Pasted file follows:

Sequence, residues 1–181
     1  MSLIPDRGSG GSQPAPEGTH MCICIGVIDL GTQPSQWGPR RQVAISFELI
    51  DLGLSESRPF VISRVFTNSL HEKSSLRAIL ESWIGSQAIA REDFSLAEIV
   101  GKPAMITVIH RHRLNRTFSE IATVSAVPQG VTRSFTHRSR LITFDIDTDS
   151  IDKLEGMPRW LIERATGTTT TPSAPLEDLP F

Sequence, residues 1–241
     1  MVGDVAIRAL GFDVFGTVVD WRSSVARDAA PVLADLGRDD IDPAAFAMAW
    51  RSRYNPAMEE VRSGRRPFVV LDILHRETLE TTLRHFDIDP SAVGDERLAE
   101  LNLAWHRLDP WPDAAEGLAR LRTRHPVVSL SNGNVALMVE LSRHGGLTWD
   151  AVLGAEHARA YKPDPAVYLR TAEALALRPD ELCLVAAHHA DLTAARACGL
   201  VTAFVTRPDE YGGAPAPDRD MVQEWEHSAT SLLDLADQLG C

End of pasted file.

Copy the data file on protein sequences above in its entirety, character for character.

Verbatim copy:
Sequence, residues 1–181
     1  MSLIPDRGSG GSQPAPEGTH MCICIGVIDL GTQPSQWGPR RQVAISFELI
    51  DLGLSESRPF VISRVFTNSL HEKSSLRAIL ESWIGSQAIA REDFSLAEIV
   101  GKPAMITVIH RHRLNRTFSE IATVSAVPQG VTRSFTHRSR LITFDIDTDS
   151  IDKLEGMPRW LIERATGTTT TPSAPLEDLP F

Sequence, residues 1–241
     1  MVGDVAIRAL GFDVFGTVVD WRSSVARDAA PVLADLGRDD IDPAAFAMAW
    51  RSRYNPAMEE VRSGRRPFVV LDILHRETLE TTLRHFDIDP SAVGDERLAE
   101  LNLAWHRLDP WPDAAEGLAR LRTRHPVVSL SNGNVALMVE LSRHGGLTWD
   151  AVLGAEHARA YKPDPAVYLR TAEALALRPD ELCLVAAHHA DLTAARACGL
   201  VTAFVTRPDE YGGAPAPDRD MVQEWEHSAT SLLDLADQLG C